Editorials AliceMaze

Published on October 15th, 2012 | by Dena Javadi


Systems Thinking: Simplicity follows Complexity

A little dose of Wonderland to set the scene:

“Would you tell me, please, which way I ought to go from here?”
“That depends a good deal on where you want to get to,” said the Cat.
“I don’t much care where–” said Alice.
“Then it doesn’t matter which way you go,” said the Cat.
“–so long as I get SOMEWHERE,” Alice added as an explanation.
“Oh, you’re sure to do that,” said the Cat, “if you only walk long enough.” (Carroll, 1865)

Systems thinking is an opportunity- an opportunity to implement effective and sustainable interventions by setting goals and understanding the complexities involved. It allows researchers and policy makers to study the effects that an implementation has within all building blocks of a system and to take into consideration, the role and influence of stakeholders at every stage of the policy making and implementation process. Systems thinking tools have been used in many disciplines (computer science, business, engineering, forestry, etc), and it is time for health researchers and policy makers to seize the opportunity as well.

6 WHO building blocks of a health system

A recently published supplement in Heath Policy and Planning,  Systems thinking for health systems strengthening in LMICs: seizing the opportunity, explores systems thinking in public health practice. This supplement comes as a follow-up to the 2009 report, Systems Thinking for Health Systems Strengthening. Here, Systems Thinking is defined as an approach to problem solving that examines the complex nature of systems and employs tools to study system dynamics and feedback mechanisms, placing an emphasis on the role and influence of all stakeholders.

Thus far in looking at systems strengthening interventions, the approach has been predominately based on ‘detail complexity.’ That is, simplifying the system into object versus dynamic relationships, creating a vacuum of static options for health system decision-making. Limited capacity, lack of funding, inadequate time frames, and lack of demand, from both researchers and research funders are among the barriers for the design and operationalization of more dynamic, systems-based evaluation schemes. Insufficient evaluations, however, bear an even heavier cost on the health system by creating redundancies and weaker structures.

This cost holds especially true in the implementation of innovations in the health system, especially in lower socioeconomic groups. Innovative health technologies, medicines, diagnostics, practices, and institutional arrangements have lower uptake and adoption in lower resource settings due to weaker health systems, low political will, and sometimes, cultural stigma.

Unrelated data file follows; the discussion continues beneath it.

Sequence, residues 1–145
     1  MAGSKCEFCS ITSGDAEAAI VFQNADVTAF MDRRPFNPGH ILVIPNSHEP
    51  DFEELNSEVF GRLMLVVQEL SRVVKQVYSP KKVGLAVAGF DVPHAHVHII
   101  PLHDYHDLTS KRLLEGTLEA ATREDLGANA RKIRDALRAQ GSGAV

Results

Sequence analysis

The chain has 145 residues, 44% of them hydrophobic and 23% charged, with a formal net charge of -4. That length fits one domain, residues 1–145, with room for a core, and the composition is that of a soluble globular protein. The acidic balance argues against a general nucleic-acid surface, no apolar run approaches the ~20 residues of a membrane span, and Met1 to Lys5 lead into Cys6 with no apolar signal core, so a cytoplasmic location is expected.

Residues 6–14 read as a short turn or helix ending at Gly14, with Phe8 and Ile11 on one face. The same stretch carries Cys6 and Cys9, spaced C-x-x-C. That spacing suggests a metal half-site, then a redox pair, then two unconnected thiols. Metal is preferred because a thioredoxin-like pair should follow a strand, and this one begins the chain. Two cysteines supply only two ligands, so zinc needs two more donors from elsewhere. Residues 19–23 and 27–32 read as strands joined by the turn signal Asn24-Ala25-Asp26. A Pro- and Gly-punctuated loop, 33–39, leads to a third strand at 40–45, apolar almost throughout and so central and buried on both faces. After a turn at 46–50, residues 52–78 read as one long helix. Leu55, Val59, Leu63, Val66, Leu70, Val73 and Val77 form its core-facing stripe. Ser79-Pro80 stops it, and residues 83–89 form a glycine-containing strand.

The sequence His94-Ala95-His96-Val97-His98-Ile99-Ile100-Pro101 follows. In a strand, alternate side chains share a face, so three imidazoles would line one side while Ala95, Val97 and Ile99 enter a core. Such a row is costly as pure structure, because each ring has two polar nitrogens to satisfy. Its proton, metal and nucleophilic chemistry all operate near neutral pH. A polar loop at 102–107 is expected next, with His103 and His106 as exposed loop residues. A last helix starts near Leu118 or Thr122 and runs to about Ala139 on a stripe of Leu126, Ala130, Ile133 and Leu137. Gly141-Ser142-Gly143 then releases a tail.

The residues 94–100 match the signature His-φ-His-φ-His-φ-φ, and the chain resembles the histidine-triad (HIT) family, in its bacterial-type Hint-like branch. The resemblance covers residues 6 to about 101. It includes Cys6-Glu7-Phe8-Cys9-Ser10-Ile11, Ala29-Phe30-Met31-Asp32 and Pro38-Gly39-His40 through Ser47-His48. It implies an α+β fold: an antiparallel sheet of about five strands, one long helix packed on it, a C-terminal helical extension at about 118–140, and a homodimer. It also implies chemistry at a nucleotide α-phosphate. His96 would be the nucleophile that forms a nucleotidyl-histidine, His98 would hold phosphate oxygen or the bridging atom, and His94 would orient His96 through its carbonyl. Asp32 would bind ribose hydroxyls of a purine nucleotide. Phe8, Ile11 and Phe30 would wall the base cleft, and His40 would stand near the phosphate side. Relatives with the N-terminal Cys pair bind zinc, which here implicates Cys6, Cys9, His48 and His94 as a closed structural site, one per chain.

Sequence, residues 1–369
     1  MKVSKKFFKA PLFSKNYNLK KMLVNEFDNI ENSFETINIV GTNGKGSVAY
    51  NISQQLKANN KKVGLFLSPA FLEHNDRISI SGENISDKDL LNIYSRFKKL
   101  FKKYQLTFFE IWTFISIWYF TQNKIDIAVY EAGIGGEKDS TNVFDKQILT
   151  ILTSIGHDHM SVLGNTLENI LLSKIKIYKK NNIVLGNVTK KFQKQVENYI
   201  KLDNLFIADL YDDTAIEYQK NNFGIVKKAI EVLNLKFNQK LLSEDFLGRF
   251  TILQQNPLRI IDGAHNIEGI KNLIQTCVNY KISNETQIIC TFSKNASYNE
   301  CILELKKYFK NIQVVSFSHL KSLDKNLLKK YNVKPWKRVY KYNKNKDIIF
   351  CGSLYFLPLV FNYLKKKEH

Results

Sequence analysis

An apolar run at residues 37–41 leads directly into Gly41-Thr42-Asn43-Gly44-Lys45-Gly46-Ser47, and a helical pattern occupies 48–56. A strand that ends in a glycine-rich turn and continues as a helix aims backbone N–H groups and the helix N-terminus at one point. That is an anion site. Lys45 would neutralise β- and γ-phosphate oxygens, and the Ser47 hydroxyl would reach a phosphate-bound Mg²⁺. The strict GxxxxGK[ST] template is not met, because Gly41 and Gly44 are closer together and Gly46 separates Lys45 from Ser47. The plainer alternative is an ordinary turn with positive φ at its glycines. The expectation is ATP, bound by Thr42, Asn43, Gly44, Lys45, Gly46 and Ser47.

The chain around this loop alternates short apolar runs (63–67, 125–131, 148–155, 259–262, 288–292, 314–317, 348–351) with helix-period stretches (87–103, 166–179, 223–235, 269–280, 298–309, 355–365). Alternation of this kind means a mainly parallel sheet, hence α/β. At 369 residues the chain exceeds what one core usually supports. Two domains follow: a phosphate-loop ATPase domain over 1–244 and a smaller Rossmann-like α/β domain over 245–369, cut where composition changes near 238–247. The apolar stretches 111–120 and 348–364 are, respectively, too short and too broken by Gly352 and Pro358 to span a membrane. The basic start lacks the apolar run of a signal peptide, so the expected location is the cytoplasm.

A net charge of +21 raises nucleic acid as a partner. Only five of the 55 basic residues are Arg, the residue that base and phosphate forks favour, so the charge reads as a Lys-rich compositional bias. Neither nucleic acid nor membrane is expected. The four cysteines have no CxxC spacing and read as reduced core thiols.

Dr. Rifat Atun offers systems thinking as a means of better analyzing the “the context, health system elements, institutions, adoption systems, problem perception and the innovation characteristics within these” to better grasp the short and long term effects of an innovation, thus optimizing its chances at being adopted within the health system. With low uptake of innovations due to weak system infrastructure, especially in low resource settings where funds are also low, hope and opportunity lies with the “pooling of resources, talents and strategies from across a range of actors and organisations.”

The health sector is a complex adaptive system. Therefore, positive and negative effects of policy decisions, a variety of stakeholder interests, power and interaction between multiple actors, and prediction of delayed and distal impacts of policy decisions should all be considered for effective decision-making. Case studies included in this supplement explore tools, such as causal loop diagrams and stakeholder management, which can help to understand effects that may otherwise be overlooked. Without these considerations, negative feedback loops may occur throughout the different layers of the health system over time, leading to the deterioration of an intervention.

Systems thinking tools of interest:  
Social Network Analysis Methods Monte Carlo Simulation
Program Budgeting & Marginal Analysis Systems Dynamics Modeling
Concept Mapping Causal Loop Diagrams

These tools serve not only to explore relationships and to predict unintended effects, but to also ensure a follow-through plan that integrates interventions into the health system in a feasible, context-appropriate and sustainable manner.

Systems thinking simplifies the understanding of complex adaptive systems by calling for a systematic way of setting aside assumptions, involving local stakeholders and capturing effects that may otherwise have led to duplication of services, inefficiencies and policy resistance.  As more and more health researchers and policy makers incorporate systems thinking strategies into intervention design, implementation and evaluation, health system innovations will have an increased chance in connecting people with their right to health.


Adam, T. & Da Savigny, D. 2012. Systems thinking for health systems strengthening in LMICs: seizing the opportunity. Health Policy and Planning. 27:S4

Carroll, Lewis. 1865. Alice’s Adventures in Wonderland, New York:MacMillan.


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About the Author

Dena Javadi

is a Persian-born and Canadian-raised graduate from the University of British Columbia with a Bachelor of Science (Global Health). Dena has a deep abiding love of music, dancing whilst sitting, ultra-ordinary conversations and all things health systems. After working in the Alliance for Health Policy and Systems Research at the WHO for the past year, she will soon start her Masters of Public Health at Hopkins focusing on health systems.

One Response to Systems Thinking: Simplicity follows Complexity

  1. pooyan jadidfard says:

    Good Luck

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